"Citizen scientists" in California have taken to the skies in order to track a growing issue on the West Coast.
Californians are sick and tired of not knowing what’s going on with the weather, so a group of “citizen scientists” decided to do something about it. According to an Associated Press report, a group of residents has banded together to use their smartphones and unmanned aerial vehicles, or drones, to study the changes to the coast resulting from El Niño.
The Nature Conservancy has asked drone enthusiasts to keep tabs on the flooding and erosion on the beaches of California, which has been particularly active this year as a result of the El Niño weather pattern and its accompanying precipitation. El Niño has resulted in one of California’s wettest winters in recent memory, and the potential for coastal erosion due to sea level rise is huge.
By collecting crowd-sourced images of floods and eroding beaches, scientists are amassing a database of nearly every instance of coastal erosion caught by amateur drone pilots. As climate change worsens, sea level rise is expected to accelerate and lead to more devastating loss of dunes and land surrounding coastal communities.
Scientists have been trying to model the impact of sea level rise on the rate of coastal erosion for some time, but they often questioned how accurate their models really were. According to Matt Merrifield, the chief technology officer at the Nature Conservancy, “We use these projected models and they don’t quite look right, but we’re lacking any empirical evidence. This is essentially a way of ‘ground truthing’ those models.”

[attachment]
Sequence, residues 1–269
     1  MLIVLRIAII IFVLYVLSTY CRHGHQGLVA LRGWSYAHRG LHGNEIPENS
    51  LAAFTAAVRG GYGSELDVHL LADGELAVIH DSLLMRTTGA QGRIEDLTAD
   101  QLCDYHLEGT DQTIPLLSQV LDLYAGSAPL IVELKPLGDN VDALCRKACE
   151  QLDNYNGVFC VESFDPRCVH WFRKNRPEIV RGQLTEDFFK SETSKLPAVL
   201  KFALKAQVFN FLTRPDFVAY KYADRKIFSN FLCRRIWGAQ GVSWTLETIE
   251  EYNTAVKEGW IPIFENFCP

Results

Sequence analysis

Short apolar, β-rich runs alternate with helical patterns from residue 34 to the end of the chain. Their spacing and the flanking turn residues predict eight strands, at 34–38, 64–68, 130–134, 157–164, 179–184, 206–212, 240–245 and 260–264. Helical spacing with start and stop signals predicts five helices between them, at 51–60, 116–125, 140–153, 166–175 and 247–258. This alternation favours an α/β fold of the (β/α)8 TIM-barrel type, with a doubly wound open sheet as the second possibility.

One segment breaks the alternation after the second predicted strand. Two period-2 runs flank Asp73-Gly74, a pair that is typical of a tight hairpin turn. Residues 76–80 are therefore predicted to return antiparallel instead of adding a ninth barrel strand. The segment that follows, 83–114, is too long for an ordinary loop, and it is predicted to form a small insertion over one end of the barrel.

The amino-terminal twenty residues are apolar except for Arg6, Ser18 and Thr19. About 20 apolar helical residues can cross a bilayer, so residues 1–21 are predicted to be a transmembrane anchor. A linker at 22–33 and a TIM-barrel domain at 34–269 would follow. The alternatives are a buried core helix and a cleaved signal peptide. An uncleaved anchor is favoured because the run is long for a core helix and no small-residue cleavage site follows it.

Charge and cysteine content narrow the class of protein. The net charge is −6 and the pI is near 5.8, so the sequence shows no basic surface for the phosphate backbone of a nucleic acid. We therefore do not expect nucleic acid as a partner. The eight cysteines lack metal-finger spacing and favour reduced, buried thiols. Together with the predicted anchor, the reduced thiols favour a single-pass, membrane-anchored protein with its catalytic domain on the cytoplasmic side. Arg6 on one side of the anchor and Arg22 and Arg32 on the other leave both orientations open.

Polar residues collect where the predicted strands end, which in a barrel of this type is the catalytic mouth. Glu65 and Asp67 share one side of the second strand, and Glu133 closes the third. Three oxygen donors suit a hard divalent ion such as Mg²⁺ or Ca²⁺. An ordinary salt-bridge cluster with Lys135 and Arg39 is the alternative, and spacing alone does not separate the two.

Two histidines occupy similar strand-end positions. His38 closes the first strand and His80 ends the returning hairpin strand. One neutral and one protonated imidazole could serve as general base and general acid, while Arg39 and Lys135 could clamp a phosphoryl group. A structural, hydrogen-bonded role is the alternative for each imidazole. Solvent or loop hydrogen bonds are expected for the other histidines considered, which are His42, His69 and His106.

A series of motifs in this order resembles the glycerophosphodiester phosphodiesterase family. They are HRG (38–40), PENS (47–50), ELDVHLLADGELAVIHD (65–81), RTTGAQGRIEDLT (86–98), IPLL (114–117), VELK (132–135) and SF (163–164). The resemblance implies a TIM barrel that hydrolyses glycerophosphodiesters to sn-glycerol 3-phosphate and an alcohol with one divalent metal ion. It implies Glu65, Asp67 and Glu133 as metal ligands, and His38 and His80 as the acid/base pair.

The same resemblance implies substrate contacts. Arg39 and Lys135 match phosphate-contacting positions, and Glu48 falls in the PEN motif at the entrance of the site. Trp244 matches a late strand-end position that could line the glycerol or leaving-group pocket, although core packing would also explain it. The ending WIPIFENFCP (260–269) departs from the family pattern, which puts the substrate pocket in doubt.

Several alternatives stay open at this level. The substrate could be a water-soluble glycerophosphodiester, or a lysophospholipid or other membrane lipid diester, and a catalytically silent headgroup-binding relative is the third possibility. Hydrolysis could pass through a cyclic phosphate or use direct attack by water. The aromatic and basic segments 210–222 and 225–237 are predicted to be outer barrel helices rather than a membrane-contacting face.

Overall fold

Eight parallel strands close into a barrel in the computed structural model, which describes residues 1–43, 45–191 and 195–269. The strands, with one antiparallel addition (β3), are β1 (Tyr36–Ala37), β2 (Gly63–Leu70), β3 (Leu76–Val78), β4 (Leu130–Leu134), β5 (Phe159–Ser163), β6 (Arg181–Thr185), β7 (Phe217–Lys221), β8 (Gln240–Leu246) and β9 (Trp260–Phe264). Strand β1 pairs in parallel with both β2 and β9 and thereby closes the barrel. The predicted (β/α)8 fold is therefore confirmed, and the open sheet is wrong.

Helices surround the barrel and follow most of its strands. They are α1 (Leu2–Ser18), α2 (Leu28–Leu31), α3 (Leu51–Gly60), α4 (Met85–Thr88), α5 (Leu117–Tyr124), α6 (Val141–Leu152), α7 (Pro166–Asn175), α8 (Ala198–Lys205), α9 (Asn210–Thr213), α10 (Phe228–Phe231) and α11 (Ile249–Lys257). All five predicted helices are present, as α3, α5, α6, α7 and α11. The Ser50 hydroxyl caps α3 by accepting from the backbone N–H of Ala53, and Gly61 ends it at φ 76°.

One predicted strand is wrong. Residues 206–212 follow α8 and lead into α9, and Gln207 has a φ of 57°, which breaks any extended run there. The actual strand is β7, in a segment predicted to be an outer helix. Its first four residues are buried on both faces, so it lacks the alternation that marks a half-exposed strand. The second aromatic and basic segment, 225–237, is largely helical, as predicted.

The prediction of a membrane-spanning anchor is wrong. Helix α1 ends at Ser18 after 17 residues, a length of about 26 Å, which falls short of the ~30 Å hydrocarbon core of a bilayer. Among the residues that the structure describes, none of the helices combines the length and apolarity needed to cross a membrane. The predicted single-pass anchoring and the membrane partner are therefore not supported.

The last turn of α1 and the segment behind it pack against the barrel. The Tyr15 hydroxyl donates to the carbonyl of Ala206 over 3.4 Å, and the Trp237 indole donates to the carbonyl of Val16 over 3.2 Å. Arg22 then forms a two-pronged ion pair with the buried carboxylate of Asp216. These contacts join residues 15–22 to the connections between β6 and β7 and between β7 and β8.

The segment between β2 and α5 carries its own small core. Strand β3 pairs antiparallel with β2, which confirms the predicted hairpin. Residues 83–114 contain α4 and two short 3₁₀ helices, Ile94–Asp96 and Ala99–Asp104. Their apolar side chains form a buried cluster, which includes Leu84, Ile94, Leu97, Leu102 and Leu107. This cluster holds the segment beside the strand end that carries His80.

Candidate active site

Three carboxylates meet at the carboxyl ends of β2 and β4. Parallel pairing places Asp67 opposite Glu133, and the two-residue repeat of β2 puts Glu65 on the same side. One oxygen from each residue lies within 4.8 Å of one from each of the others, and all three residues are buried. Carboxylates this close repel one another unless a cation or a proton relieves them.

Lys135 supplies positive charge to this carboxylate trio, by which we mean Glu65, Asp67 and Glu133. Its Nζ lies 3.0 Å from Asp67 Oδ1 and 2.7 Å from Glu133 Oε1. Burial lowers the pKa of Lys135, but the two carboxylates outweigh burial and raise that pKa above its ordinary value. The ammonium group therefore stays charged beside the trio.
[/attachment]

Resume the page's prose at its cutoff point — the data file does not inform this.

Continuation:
Climate scientists warn that while El Niño is not a result of climate change, it offers a sneak peek of the storms coastal communities can expect to see in the coming decades. The project has turned into a new way to raise awareness about climate change, showing the often devastating effects of a rising sea level.
The project aims to identify weak points on the coast – the spots that give way to a rising tide the easiest during an El Niño event. With almost half of a million people and $100 billion in property and infrastructure situated on the West Coast, this information could prove critical as climate change continues to progress.
A blog post from the Nature Conservancy describing the details of the project can be found here.